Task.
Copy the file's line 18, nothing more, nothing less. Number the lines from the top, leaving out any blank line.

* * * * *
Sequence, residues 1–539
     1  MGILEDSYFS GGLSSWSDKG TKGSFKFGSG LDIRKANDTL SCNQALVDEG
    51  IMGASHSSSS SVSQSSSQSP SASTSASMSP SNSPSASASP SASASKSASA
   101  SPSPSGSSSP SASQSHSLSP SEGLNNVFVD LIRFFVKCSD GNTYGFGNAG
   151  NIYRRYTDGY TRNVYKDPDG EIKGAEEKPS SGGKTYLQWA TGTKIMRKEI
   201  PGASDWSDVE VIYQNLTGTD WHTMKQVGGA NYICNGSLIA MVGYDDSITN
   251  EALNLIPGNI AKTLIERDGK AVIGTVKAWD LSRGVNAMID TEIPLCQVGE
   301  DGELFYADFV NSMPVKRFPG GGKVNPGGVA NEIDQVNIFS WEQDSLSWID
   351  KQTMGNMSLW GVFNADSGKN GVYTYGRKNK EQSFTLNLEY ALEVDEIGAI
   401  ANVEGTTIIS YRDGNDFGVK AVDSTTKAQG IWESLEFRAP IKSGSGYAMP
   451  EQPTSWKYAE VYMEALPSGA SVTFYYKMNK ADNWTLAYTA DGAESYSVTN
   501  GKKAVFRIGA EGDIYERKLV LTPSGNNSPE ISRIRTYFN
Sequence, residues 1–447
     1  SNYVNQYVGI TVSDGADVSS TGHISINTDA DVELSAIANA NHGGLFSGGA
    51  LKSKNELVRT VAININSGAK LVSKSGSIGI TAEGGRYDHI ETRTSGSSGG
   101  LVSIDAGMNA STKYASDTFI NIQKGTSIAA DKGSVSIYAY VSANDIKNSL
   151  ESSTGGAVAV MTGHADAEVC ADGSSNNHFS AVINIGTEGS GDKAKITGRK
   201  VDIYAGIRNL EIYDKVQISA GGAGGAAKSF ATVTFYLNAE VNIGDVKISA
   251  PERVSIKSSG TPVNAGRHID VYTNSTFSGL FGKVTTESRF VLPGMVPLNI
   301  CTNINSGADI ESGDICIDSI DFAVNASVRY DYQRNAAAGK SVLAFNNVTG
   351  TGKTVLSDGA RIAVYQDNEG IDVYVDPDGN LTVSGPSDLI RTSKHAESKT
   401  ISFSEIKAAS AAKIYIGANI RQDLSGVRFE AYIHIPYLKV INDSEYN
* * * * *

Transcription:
   201  VDIYAGIRNL EIYDKVQISA GGAGGAAKSF ATVTFYLNAE VNIGDVKISA